Here is a list of issues that Doug Wilson has had to deal with. He appears to get frustrated when people do not see things his way and spends lots of time claiming that we can’t read.
- He has a disturbing view of slavery.
- He is an HIV/AIDS conspiracy theorist.
- He has offensive views on the role of men in the sexual act:
A man penetrates, conquers, colonizes, plants. A woman receives, surrenders, accepts.
- His views on classical school education are concerning.
- He blamed the victim in the Doug Phillips scandal.
- He encouraged and presided over the marriage of a pedophile who later had *issues* with his own baby son.
- Plagiarism which wasn’t his fault.
- I am adding(07/23/21) this post: What Doug Wilson Should Have Learned From Thabiti Anyabwile About Racism
Over the past few years, we have seen a number of people express concerns over Wilson’s views on various issues. His views on slavery are particularly concerning.
End TWW excerpt
In 2009, Christianity Today post this about Wilson: The Controversialist
f Doug Wilson most likely knew him in his other roles: pastor provocateur in a liberal university town; polarizing leader in the classical Christian education movement; nonconforming Calvinist who has made so many enemies in Reformed circles that no denomination will have him.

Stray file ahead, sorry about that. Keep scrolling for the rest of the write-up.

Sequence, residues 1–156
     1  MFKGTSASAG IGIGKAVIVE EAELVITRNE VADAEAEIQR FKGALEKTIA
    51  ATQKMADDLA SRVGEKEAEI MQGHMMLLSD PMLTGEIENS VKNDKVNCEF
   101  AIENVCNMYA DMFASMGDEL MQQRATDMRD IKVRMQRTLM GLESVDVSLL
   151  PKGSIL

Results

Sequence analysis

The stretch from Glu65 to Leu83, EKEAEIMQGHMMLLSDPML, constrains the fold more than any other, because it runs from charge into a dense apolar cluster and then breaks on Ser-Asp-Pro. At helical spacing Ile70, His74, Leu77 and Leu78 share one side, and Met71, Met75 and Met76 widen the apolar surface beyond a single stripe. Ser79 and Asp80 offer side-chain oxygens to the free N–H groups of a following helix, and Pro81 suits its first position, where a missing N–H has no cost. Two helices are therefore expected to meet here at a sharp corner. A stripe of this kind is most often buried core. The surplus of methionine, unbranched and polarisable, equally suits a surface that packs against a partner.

…Wilson’s congregation, Christ Church, was growing so rapidly that he didn’t have time to escape to seminary (save for one summer at Regent College in Vancouver), and did his best to study independently. His studies covered Scripture and the church fathers, but also led him further off the beaten track, to Christian Reconstructionism.
…Christian Reconstructionists are controversial, to put it mildly. The brainchild of Rousas John Rushdoony, an Armenian-American pastor and disciple of Presbyterian theologian Cornelius Van Til, Christian Reconstructionism’s core is the application of every jot and tittle of Mosaic Law to modern Christian life, and a postmillennialism that borders on a call for outright theocracy.
Wilson says he rejects the Reconstructionists’ political tactics and distances himself from the label, claiming that his view of Old Testament law is more subtle than theirs. But when I asked what he thought of the death penalty for homosexual acts suggested in Leviticus 20:13, he did not shy away from the theonomic hard line that disturbs many Christians. “You can’t apply Scripture woodenly,” he says. “You might exile some homosexuals, depending on the circumstances and the age of the victim. There are circumstances where I’d be in favor of execution for adultery. … I’m not proposing legislation. All I’m doing is refusing to apologize for certain parts of the Bible.”